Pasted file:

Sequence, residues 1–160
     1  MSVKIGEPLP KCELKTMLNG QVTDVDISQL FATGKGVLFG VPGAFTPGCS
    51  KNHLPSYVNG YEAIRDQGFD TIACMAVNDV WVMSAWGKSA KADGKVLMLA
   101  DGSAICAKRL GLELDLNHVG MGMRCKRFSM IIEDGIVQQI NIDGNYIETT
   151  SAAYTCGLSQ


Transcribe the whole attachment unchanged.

Sequence, residues 1–160
     1  MSVKIGEPLP KCELKTMLNG QVTDVDISQL FATGKGVLFG VPGAFTPGCS
    51  KNHLPSYVNG YEAIRDQGFD TIACMAVNDV WVMSAWGKSA KADGKVLMLA
   101  DGSAICAKRL GLELDLNHVG MGMRCKRFSM IIEDGIVQQI NIDGNYIETT
   151  SAAYTCGLSQ